Spiritual Awakening. -Therapeutic Skin Coach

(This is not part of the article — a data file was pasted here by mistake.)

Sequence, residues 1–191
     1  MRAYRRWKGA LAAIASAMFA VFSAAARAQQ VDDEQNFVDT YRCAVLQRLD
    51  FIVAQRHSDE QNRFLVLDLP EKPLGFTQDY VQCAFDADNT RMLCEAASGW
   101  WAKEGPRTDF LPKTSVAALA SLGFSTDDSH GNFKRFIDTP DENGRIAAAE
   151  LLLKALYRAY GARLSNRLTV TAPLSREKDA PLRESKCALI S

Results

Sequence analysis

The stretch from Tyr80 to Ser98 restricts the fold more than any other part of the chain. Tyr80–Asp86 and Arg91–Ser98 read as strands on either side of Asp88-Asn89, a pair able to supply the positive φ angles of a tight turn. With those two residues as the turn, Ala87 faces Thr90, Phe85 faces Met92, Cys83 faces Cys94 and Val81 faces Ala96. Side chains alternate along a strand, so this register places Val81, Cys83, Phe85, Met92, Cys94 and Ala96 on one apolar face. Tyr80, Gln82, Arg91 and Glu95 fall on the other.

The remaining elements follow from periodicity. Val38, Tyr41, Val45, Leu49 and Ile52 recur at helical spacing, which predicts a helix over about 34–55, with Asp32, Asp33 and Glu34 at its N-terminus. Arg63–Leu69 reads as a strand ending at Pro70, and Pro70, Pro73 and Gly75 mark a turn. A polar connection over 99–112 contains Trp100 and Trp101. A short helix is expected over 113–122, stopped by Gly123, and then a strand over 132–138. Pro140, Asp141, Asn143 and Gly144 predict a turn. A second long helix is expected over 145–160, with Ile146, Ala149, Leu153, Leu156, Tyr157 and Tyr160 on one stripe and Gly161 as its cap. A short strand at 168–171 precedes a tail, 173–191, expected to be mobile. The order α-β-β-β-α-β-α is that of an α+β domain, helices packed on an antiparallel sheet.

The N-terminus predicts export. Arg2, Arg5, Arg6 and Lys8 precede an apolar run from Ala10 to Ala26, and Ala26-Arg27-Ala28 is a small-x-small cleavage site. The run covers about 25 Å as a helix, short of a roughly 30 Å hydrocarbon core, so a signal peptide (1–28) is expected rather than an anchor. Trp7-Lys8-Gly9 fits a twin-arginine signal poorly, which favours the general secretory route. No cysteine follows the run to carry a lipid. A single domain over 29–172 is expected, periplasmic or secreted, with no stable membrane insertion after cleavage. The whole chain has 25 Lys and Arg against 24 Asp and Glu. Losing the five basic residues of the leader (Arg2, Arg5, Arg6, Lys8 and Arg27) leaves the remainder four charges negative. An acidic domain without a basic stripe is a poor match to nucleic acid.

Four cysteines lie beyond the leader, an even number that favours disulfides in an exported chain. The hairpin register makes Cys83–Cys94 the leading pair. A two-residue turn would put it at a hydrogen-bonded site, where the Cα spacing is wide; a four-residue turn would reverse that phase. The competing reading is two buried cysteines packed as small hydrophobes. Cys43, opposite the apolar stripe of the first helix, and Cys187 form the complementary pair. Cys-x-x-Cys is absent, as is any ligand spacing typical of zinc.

When coming up with the title to this week’s post I honestly attempted to find synonyms for the word “spiritual”. Nothing seemed to fit the essence of what I wanted to write about so I decided to stick with it however I had a visual of my readers immediately clicking past an article of this subject. What would spirituality have to do with skincare? If you hear me out you will make the connection I promise. The mind, body and spirit approach is necessary for a full recovery for any sort of imbalance going on in our lives. I believe that we all have a strong intuitive sense of what we need. Whether it’s our basic human instincts to choose foods that are will nourish us to who are the people we want to spend our days with. A lot of my daily decisions and practices are based on my intuition. I try to help my clients tap into their intuition by giving them the power to choose what’s best for them and creating connections between mind, body and spirit. Whether it’s by asking the right questions that lead them to the answer they had in them all along, or it’s by honoring them if something is not resonating with them. I don’t force upon a practice that doesn’t work but I also help you breakthrough the blocks when nothing seems to be progressing. It’s taken a long time for me to tap into my own sense of intuition and release some of the blocks that hold me back from living my most abundance life, but it all started with my acceptance of my spiritual path and the awakening it lead me to.